AG, bishops support sex survivors

STATEWIDE —Colorado Attorney General Phil Weiser and Archbishop Samuel Aquila, on behalf of the Bishops of all three Dioceses of the Catholic Church in Colorado, announced joint initiatives intended to support and comfort survivors of the sexual abuse of minors by Catholic priests.

“The sexual abuse of minors is a societal problem that demands attention and action. I am pleased the Church has recognized the need for transparency and reparations for victims. This independent review promises a full evaluation and inquiry. For any victims of sexual abuse, this will provide a recognition of past wrongdoing and offer an opportunity for healing,” said Attorney General Weiser.

Former Attorney General Cynthia Coffman, who initiated the review process last fall said: “It is my sincere hope that the independent review we announce today validates survivors of sexual abuse by priests and empowers them in their ongoing recovery. All survivors deserve to be believed and supported on their road to healing. I am encouraged that the Catholic Dioceses of Colorado have voluntarily agreed to this review by an outside party that, hopefully, allows victims an opportunity to have some healing and helps the Church and its faithful move forward from a place of truth and vigilance.”

Attorney General Weiser and the bishops have engaged an independent third-party to review the files of the three Dioceses related to the sexual abuse of minors, to interview witnesses as needed, and to prepare a public report on his findings. This is not a criminal investigation and we are not aware of any previously unreported criminal conduct. If the review discovers any criminal conduct, it will be immediately reported to the appropriate law enforcement authorities and included in the public report. The Attorney General’s office will make resources available to district attorney offices as needed for them to evaluate any potentially criminal issues. This will be an independent review conducted by Robert Troyer, the former U.S. Attorney for Colorado, with the full voluntary cooperation of the three Dioceses.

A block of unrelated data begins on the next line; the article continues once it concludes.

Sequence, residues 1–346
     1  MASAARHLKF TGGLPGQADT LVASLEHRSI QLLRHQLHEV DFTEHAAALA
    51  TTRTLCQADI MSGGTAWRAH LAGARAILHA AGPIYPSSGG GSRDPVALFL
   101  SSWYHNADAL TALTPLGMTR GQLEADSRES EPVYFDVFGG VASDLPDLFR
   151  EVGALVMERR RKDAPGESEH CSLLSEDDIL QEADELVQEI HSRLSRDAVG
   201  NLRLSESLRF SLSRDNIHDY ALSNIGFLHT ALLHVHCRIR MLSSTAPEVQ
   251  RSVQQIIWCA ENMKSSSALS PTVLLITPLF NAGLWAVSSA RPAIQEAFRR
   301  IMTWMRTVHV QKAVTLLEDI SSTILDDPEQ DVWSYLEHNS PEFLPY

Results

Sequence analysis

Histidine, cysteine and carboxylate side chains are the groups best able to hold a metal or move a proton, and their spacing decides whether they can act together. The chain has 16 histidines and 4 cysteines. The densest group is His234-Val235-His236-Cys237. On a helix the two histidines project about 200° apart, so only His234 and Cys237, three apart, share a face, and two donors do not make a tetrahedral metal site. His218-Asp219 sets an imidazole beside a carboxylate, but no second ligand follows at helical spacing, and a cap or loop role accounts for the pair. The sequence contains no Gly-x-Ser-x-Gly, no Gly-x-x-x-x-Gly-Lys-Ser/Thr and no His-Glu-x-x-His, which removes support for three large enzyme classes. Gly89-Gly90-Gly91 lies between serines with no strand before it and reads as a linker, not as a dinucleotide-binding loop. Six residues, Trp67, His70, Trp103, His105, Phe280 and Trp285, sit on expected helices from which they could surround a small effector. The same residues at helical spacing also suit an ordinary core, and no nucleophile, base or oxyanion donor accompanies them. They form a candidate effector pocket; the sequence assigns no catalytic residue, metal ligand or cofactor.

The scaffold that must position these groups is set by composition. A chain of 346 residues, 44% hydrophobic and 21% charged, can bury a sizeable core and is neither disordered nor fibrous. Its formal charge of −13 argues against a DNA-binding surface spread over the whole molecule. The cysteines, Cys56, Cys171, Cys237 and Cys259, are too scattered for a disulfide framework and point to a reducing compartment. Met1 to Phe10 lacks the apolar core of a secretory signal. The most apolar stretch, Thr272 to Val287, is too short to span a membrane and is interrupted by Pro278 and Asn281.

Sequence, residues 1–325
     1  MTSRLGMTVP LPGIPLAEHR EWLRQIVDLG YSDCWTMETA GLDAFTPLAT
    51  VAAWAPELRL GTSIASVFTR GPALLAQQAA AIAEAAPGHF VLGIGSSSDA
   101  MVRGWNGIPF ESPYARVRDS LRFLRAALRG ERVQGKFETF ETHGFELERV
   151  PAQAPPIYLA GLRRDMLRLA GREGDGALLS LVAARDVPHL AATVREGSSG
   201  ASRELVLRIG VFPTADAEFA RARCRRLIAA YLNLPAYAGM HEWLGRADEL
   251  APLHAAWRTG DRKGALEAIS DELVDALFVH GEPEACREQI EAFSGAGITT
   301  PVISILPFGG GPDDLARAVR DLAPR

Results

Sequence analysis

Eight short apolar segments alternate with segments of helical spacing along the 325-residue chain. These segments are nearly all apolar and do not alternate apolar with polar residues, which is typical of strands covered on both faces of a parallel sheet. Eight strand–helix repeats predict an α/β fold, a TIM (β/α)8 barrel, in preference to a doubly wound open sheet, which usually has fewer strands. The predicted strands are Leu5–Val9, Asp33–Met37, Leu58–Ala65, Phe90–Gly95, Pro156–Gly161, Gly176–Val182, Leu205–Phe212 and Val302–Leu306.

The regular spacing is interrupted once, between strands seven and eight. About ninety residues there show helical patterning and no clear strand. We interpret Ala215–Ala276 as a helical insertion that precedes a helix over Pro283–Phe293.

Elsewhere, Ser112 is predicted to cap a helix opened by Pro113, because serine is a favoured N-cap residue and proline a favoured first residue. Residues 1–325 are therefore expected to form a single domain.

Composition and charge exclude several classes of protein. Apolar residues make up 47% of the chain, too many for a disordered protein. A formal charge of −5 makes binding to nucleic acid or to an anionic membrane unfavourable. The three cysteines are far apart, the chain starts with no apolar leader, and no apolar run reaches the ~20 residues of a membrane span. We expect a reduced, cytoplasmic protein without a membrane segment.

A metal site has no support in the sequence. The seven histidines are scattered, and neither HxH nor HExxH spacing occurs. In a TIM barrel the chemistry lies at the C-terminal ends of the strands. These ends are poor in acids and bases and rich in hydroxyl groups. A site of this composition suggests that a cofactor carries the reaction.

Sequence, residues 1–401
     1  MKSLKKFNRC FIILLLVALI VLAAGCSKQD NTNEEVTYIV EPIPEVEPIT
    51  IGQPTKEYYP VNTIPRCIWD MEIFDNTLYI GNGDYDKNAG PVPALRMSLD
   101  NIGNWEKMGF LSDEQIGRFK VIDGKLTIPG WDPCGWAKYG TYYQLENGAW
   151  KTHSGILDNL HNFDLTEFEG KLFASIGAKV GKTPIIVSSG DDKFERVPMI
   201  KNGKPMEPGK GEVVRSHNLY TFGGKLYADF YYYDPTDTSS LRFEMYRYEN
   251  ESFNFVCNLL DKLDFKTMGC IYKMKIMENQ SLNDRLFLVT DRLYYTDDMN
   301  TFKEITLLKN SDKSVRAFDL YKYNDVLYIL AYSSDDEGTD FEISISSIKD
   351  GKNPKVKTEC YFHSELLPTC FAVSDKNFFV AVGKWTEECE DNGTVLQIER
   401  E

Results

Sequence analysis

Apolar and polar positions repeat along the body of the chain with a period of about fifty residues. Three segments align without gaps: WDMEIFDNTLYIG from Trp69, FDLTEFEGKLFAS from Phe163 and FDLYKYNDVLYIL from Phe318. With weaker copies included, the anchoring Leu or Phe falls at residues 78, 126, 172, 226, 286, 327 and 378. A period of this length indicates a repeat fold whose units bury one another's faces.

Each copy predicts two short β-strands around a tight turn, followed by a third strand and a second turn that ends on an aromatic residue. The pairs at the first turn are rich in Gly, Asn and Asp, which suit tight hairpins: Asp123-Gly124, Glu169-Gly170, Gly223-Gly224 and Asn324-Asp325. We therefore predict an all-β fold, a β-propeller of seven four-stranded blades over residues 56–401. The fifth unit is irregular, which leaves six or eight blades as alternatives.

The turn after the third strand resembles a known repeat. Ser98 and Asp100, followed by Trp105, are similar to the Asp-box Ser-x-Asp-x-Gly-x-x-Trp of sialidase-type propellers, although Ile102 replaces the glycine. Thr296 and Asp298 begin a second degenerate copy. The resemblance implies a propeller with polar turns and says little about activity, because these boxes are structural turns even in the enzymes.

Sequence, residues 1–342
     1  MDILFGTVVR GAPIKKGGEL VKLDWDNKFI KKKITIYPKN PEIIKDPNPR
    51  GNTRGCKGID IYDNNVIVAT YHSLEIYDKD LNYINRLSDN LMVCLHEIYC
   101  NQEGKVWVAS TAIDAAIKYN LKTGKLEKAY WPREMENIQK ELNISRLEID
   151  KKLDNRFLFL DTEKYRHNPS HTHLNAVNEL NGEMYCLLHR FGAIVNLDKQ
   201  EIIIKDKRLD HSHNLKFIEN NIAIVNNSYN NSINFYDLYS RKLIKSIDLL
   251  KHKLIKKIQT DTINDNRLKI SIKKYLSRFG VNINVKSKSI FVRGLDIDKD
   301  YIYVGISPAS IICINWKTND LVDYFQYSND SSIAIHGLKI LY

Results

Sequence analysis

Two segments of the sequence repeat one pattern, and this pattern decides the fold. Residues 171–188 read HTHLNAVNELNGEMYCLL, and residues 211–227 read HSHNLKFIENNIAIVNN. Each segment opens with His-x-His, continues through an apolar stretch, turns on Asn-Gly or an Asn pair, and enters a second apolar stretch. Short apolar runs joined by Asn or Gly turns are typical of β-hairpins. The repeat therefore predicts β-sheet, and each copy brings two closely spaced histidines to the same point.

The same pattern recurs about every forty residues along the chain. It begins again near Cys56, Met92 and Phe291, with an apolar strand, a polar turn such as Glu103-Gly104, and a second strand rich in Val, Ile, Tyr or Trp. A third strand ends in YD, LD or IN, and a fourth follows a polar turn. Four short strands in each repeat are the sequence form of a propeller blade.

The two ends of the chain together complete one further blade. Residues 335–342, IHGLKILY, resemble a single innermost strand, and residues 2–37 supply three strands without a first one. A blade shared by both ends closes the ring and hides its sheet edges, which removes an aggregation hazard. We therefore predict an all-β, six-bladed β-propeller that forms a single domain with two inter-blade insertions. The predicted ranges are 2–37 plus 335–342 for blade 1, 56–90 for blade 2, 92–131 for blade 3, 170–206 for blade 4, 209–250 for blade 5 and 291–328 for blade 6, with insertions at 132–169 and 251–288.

Troyer’s public report is expected to be released by the fall of 2019. To protect the privacy of victims, his report will not identify victims of abuse by name. The report will include:

The names of Diocesan priests with substantiated allegations of sexual abuse of minors;

Details of the substantiated allegations of abuse, including the assignments of abusive priests and the years during which abuse is alleged to have occurred;

A review of the historic response of the three Dioceses to allegations of abuse; and,

A review of the Dioceses’ current policies and procedures for preventing abuse and responding to allegations of abuse.

Half of the fees for Troyer’s work will be paid by the Dioceses. The other half will be paid by private donors identified by the Attorney General’s office. At their request, the donors will remain anonymous.

Additionally, the three Colorado Dioceses will fund an independent, voluntary reparations program developed and administered by two nationally recognized claims administrations experts, Kenneth R. Feinberg and Camille S. Biros. Feinberg and Biros will review individual cases, including cases that are barred by the statute of limitations, and make financial awards to victims who elect to participate.

The program will be wholly independent of the Colorado Dioceses. Under this program, each claim will be assessed by Feinberg and Biros, and an award of compensation will be made. While the victim is free to accept or reject the award rendered, the Colorado Dioceses are bound by the award. The Colorado Dioceses commit to pay all awards made to victims by Feinberg and Biros.

To ensure its independence, the program will be overseen by an independent committee chaired by former U.S. Senator Hank Brown.